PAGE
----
Arsonist gets four years; says he’s now a jail preacher

CHAD PLAUCHE-ADKINS The Marietta Times Noah Rutter, left, was sentenced to four years in prison on Tuesday in Washington County Common Pleas Court.

A Lower Salem man will spend the next four years in prison for attempting to burn down a house with a man in it.

Noah Rutter, 21, of 6500 Germantown Road, was sentenced Tuesday in Washington County Common Pleas Court.

In September, Rutter, along with his brother, were having continued arguments with the victim, who lived at 6466 Germantown Road. The arguments reached a climax on Sept. 26 when Rutter went to the victim’s residence with a bottle filled with flammable liquid stuffed with a rag, commonly referred to as a Molotov cocktail. Rutter lit the device and threw it against the home, burning a hole through one wall and damaging antiques and personal items inside. The victim escaped the home with his pets without injury.

Rutter was originally charged with two second-degree felony counts of aggravated arson. He pleaded guilty on Jan. 23 to only one of the counts as part of a plea deal.

Rutter’s public defender, Shawna Landaker, said before the sentencing that her client feels truly sorry for his actions.

“Noah is incredibly remorseful,” she said. “He has written letters to the court and the victim to apologize.”

Rutter said that since he has been incarcerated, a better path was shown to him through religion.

“Being in jail has changed my life. I don’t know where I’d be if this didn’t happen to me… I’d probably be dead,” he said.

Rutter said that the only trouble he has had in the 188 days he has been confined happened in the first three days of being in jail.

“I stole a bag of chips…and got put in solitary for 22 days,” he said.

Rutter told the court that while being kept alone with only a Bible, he found a new direction for his life.

“I was an atheist before I went in,” he said. “God put me in jail so I’d get to know myself much better.”

Rutter said that since he has been out of solitary confinement, he has taken it upon himself to help change others for the better. He said he started teaching Christianity to other prisoners of the jail.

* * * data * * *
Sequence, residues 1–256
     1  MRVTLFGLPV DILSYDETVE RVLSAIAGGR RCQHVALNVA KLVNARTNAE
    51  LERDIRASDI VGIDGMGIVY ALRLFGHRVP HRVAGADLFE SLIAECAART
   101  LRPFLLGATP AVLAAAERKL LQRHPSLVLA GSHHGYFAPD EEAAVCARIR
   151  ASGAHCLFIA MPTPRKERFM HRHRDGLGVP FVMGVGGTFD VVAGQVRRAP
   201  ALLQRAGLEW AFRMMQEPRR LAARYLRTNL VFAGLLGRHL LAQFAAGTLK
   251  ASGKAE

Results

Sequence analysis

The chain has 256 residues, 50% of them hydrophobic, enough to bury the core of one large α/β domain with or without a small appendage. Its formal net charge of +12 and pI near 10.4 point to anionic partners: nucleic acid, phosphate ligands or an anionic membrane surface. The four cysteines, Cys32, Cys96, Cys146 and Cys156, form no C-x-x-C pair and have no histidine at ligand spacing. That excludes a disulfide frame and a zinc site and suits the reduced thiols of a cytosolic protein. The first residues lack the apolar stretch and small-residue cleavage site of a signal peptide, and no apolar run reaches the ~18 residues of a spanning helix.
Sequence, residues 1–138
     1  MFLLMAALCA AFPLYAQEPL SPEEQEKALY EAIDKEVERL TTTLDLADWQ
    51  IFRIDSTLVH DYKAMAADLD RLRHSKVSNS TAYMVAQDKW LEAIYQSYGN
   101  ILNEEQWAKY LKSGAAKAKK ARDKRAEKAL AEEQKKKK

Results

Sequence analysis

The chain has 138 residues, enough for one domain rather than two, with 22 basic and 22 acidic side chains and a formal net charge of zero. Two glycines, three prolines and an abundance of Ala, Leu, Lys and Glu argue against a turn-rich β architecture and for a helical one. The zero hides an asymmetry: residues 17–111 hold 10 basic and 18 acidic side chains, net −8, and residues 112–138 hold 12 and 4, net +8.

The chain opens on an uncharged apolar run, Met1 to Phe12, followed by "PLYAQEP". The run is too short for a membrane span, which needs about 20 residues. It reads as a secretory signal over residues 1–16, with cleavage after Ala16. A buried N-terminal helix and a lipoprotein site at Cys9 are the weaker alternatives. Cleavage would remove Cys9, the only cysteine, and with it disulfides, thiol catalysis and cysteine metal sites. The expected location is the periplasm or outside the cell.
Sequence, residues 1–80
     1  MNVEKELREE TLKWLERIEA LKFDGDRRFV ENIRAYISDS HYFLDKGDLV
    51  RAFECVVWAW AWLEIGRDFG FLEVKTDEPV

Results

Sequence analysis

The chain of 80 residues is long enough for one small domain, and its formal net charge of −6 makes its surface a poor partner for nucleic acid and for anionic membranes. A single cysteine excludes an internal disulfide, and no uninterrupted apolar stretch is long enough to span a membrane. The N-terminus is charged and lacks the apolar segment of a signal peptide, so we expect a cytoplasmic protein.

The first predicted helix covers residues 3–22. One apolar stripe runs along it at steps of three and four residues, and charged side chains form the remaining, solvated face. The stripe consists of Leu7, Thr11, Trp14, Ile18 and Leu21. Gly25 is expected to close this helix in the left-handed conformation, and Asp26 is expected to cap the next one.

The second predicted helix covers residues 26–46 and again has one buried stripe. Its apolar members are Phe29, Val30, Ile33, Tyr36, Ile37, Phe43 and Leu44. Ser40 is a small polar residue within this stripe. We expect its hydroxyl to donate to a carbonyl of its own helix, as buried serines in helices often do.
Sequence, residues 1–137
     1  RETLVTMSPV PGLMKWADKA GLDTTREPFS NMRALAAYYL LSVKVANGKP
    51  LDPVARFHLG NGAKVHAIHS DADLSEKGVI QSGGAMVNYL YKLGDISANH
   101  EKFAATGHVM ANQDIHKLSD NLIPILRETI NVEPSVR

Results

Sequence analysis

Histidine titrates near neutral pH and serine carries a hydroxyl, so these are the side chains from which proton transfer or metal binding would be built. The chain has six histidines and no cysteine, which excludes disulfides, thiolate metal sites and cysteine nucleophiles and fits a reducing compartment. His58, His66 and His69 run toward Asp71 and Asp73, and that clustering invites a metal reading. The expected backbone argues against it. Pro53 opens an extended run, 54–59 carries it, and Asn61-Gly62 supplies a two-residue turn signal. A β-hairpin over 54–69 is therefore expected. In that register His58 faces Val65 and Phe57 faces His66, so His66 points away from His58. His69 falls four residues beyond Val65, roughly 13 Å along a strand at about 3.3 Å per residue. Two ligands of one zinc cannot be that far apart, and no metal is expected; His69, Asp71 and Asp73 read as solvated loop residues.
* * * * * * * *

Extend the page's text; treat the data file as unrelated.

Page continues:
“I’ve preached to over 40 people there,” he said.

Rutter said he has even received a letter from a prisoner who has been released that said Rutter’s preaching helped to turn his life around for the better.

“I’m impressed,” said Washington County Common Pleas Judge Mark Kerenyi, before sentencing.

Kerenyi sentenced Rutter to four years in prison, and he must register as an arsonist in any county he resides in upon his release. Rutter must also pay the victim $2,000 in damages that were sustained in the fire and be under post release control for up to three years after his release.

Rutter was facing up to eight years in prison and a $15,000 fine.

At a glance

•Noah Rutter was sentenced to four years in prison, up to three years post release control and ordered to pay $2,000 in restitution for attempting to burn down a Lower Salem home.

•Rutter was originally charged with two second-degree felony counts of aggravated arson, but a plea deal with the state on Jan. 23 dropped one of the charges.

•Rutter said he has found religion since his incarceration, and thinks being in jail has already helped him be a better person.

Source: Times research.